Dr Cassandra Atherton is an award-winning writer, academic and critic. She has been awarded a Harvard Visiting Scholar’s position from August 2015–September 2016 and was a Visiting Fellow at Sophia University, Tokyo in 2014. She has published eight books (with two more in progress) and over the last three years has been invited to edit six special editions of leading refereed journals. She is the successful recipient of more than 15 national and international grants and teaching awards. Her most recent books of prose poetry are Trace (Finlay Lloyd) and Exhumed (Grand Parade).

Professor Paul Hetherington is Head of the International Poetry Studies Institute (IPSI) at the University of Canberra. He edited the final three volumes of the National Library of Australia’s authoritative four-volume edition of the diaries of the artist Donald Friend. He has published ten full-length collections of poetry, including the verse novel, Blood and Old Belief and the recently released Burnt Umber. He won the 2014 Western Australian Premier’s Book Awards (poetry); was a finalist in the 2014 international Aesthetica Creative Writing Competition; and was shortlisted for the 2016 Newcastle Poetry Prize and the 2013 Montreal International Poetry Prize. In 2015–16 he undertook an Australia Council for the Arts Literature Board Residency at the BR Whiting Studio in Rome.

The Prose Poem as Igel

A Reading of Fragmentation and Closure in Prose Poetry

This paper takes up Nikki Santilli’s lament about the scarcity of scholarship on the prose poem in English to analyse two key features of prose poetry: fragmentation and closure. This paper argues that the prose poem’s visual containment within the paragraph form promises a complete narrative while simultaneously subverting this visual cue by offering, instead, gaps and spaces. Such apertures render the prose poem a largely fragmentary form that relies on metonymic metamorphoses to connect to a larger, unnamed frame of reference.  In this way, the prose poem is both complete and yet searching for completeness, closed and lacking closure.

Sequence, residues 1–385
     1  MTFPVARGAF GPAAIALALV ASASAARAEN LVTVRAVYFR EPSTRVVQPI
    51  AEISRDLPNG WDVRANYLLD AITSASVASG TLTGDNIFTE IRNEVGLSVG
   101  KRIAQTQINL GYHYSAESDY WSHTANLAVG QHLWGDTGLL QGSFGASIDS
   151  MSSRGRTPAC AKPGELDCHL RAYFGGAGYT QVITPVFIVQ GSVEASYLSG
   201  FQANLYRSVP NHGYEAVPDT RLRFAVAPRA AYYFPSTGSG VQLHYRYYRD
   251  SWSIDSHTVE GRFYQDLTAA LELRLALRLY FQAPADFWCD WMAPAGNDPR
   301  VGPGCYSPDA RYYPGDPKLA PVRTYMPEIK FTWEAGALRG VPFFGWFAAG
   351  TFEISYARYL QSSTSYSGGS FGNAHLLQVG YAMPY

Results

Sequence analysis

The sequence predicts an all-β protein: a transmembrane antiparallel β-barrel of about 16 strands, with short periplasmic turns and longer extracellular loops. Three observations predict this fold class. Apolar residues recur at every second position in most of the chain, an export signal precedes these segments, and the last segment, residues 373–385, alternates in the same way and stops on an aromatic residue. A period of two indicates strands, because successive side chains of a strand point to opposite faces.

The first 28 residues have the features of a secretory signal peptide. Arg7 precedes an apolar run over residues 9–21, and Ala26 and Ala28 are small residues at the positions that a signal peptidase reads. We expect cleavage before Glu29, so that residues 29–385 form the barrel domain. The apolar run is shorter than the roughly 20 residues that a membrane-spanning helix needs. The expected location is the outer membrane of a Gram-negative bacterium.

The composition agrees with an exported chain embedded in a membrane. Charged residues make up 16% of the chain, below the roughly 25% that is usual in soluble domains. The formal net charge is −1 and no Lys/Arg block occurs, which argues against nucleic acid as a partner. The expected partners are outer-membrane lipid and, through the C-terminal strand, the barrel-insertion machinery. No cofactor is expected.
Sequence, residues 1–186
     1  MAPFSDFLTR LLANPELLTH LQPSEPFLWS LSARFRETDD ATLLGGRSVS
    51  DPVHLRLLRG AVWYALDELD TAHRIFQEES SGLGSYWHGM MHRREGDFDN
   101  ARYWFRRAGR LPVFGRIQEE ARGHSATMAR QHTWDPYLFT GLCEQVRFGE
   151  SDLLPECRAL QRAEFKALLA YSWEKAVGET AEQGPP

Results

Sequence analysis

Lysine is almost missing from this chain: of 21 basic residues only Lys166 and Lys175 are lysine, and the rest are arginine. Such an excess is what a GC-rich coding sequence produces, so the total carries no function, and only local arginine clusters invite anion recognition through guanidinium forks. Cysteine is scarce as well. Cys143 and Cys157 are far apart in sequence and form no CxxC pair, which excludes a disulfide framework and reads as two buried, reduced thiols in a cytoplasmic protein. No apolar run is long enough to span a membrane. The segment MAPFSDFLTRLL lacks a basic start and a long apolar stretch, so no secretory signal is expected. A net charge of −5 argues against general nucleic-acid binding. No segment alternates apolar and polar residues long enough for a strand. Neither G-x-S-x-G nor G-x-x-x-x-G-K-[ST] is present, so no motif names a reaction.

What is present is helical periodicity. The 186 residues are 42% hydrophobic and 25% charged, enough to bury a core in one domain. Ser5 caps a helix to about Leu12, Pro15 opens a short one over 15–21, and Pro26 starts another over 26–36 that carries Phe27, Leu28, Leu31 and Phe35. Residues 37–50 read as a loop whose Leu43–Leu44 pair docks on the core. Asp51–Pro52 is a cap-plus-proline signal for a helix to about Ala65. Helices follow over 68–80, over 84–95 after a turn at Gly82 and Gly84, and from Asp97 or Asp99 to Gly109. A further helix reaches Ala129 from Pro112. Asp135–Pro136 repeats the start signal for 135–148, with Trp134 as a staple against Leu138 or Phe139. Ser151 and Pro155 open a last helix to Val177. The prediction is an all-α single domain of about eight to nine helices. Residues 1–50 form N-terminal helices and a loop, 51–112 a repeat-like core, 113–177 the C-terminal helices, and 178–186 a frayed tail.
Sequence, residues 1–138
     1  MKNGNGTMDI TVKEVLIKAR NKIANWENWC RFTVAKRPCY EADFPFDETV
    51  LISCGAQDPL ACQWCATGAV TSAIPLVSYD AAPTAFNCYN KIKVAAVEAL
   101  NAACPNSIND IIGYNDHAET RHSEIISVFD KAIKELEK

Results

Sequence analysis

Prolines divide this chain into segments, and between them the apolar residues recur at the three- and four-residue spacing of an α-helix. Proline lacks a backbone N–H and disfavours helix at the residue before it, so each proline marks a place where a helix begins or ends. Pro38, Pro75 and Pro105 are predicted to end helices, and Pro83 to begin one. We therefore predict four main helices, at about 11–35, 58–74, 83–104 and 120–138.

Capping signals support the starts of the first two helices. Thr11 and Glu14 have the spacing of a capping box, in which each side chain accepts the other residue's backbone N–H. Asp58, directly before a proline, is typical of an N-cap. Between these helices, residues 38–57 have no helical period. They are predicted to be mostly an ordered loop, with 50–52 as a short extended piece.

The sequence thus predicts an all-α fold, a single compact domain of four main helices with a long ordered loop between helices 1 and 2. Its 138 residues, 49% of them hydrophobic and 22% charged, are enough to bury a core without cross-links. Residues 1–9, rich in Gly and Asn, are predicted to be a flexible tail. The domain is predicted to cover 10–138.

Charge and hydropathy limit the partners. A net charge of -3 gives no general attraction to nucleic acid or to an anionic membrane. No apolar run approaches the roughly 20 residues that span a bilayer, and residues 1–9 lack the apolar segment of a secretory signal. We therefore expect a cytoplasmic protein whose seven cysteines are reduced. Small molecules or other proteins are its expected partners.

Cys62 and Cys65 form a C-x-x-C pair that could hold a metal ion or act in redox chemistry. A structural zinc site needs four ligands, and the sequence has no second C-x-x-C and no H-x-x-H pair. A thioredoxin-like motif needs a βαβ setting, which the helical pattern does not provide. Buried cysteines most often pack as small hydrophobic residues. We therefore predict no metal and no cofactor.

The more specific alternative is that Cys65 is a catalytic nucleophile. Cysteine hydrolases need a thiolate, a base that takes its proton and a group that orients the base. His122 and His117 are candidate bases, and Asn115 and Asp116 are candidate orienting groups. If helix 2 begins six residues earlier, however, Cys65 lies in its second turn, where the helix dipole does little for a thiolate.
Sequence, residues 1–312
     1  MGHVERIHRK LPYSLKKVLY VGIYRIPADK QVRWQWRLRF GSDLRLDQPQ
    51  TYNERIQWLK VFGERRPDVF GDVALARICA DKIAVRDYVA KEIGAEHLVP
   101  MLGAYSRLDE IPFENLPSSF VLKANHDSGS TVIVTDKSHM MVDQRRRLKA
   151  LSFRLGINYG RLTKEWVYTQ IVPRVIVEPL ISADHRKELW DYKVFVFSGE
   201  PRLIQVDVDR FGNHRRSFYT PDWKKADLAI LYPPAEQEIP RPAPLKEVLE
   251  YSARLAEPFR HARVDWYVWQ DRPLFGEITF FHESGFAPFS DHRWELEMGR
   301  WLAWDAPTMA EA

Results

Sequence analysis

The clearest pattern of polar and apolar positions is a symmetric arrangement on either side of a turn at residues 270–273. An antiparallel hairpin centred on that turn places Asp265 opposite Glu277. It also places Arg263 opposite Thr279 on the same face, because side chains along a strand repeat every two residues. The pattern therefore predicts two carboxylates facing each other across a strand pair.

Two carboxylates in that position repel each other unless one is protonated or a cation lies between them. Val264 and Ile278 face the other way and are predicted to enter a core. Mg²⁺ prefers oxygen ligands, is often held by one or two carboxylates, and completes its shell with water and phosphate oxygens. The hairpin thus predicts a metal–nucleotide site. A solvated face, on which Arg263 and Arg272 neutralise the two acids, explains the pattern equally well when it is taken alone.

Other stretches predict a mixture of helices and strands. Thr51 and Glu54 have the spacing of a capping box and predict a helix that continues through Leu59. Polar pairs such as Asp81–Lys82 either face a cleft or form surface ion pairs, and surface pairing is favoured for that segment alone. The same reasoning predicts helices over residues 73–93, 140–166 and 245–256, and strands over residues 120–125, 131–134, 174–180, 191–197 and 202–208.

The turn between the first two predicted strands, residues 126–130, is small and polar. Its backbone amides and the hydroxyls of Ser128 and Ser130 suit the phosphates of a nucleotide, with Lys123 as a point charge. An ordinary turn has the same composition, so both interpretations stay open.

The prose poem’s reaching outwards to embrace a larger, absent whole connects this literary form to Friedrich Schlegel’s ‘Athenaeum Fragment 206’ and to the Romantic critical fragment more generally. ‘Athenaeum Fragment 206’ has provided this paper with its title, as a metaphorical reading of Schlegel’s igel, or hedgehog, as fragment ‘implies the existence of [a form that suggests] what is outside itself’ (Rosen 1995: 48). The final section of this paper, analyses two prose poems from the University of Canberra’s International Poetry Studies Institute’s Prose Poetry Project. These works by Jen Webb and Carrie Etter are read for their appeal to metonymy in their exploration of time passing and ultimately, death. They demonstrate that prose poetry is both fragmented and open ended in ways very different from lineated poems.